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David Keene to lead opinion pages of Washington Times
‘Tireless advocate for conservatism’
Question of the Day
David Keene, a trusted adviser to presidents, a longtime champion of personal liberty and one of conservatism’s most respected voices, was appointed Sunday as the new opinion editor of The Washington Times.
Mr. Keene recently stepped down as president of the National Rifle Association after leading the group’s successful effort to block new restrictions on gun ownership and sales in the aftermath of the Newtown, Conn., school shootings.
The Times also announced that Editor Emeritus Wesley Pruden, who came out of retirement to reorganize the opinion pages in January, will remain in a full-time capacity, directing and producing editorials.
“David has been a tireless advocate for conservatism, demonstrating time and again how the movement’s values and ideas can address the problems of the day. He’s a deep intellectual with the sharp wit, unwavering values and the endless civility needed to guide the thought leadership of Washington’s most important opinion pages,” said Larry Beasley, the president and chief executive officer of The Washington Times.
“David will bring a unique flavor and style to our opinion pages that will mirror our mission to serve a growing conservative audience,” Mr. Beasley said.
Added John Solomon, the paper’s editor: “At a time when the conservative movement is struggling to apply its values to the challenges facing America, we are lucky to have a leader of David’s caliber, wisdom and experience shape our opinion strategy. He is perfectly suited to craft the fresh policy ideas our readers have come to expect from The Washington Times’ opinion pages and to use our print, Web, TV and radio products to inspire a new generation of conservatives to find their voice, embrace innovation and reach consensus.”
Mr. Keene will oversee the newspaper’s editorial page, commentary section and online opinion strategy. He inherits a department that includes some of Washington’s most-read columnists, including Emily Miller, Mr. Pruden, Sen. Rand Paul and Dr. Ben Carson, and routinely attracts guest op-eds from federal officials, members of Congress and global leaders.
Mr. Keene said Sunday that his goal will be to “continue to expand the reach of The Washington Times as the ‘go to’ publication for conservatives in Washington and around the country by giving readers access to solid, insightful and interesting conservative perspectives on public policy and politics that they can rely on.”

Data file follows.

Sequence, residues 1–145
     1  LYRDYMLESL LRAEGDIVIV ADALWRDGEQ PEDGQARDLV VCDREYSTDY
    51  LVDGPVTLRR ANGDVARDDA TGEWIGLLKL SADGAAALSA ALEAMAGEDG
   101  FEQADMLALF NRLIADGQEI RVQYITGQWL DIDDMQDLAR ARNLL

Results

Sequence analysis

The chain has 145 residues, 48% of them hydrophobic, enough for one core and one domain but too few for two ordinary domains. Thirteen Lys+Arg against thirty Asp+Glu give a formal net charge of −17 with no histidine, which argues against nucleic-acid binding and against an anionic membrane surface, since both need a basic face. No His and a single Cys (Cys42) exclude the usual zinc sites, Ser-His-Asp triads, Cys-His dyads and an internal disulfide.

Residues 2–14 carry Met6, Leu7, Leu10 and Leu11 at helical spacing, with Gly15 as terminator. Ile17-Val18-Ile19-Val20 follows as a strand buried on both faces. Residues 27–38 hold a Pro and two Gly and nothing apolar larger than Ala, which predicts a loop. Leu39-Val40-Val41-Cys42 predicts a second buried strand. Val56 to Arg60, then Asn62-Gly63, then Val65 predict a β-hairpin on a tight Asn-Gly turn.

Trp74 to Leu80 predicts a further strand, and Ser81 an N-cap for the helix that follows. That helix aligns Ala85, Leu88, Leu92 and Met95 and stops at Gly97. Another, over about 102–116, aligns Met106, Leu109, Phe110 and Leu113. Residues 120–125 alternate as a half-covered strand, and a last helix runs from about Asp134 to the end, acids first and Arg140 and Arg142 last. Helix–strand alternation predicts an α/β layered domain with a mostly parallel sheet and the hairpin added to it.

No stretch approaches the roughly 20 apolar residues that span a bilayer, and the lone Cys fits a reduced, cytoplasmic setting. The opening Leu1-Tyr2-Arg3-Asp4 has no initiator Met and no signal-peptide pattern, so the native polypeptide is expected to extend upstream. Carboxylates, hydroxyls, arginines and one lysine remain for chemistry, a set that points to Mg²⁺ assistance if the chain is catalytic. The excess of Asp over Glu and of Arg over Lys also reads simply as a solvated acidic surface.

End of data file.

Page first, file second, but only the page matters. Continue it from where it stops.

“Since its founding, The Washington Times has played a vital role as the conservative newspaper in Washington and one of the most widely quoted nationwide,” Mr. Keene added. “Presidents, elected officials and policymakers have relied on The Times, and our challenge is to expand our reach in new media and in this political era to provide a reliable, readable resource for conservatives and others across the country.”
In addition to his new role overseeing and writing editorials, Mr. Pruden also will continue to write his twice-weekly column, which has run in The Times for three decades.
“Wes has helped rebuild our opinion department, restocking our writing talents with the likes of Rand Paul and Ben Carson while rebuilding a consistent, cogent opinion voice for the newspaper. We’re thrilled Wes is staying aboard to help David and to keep his popular column bristling with wit,” Mr. Solomon said.
Mr. Keene’s selection was hailed Sunday across the conservative world.
Former House Speaker Newt Gingrich called Mr. Keene “a major voice defining conservatism in America for the last generation.” Former U.N. Ambassador John R. Bolton called Mr. Keene’s appointment a “great coup for The Times. No one knows Washington better than Dave.”
Conservative commentator Tucker Carlson, editor of The Daily Caller, called Mr. Keene the perfect blend of intellectual and outdoorsman.
“Dave Keene is one of the smartest, most principled people I know. He’s also an accomplished fly fisherman and sportsman, which is not a small thing in an age when so few people in the policy world ever go outside,” Mr. Carlson said.
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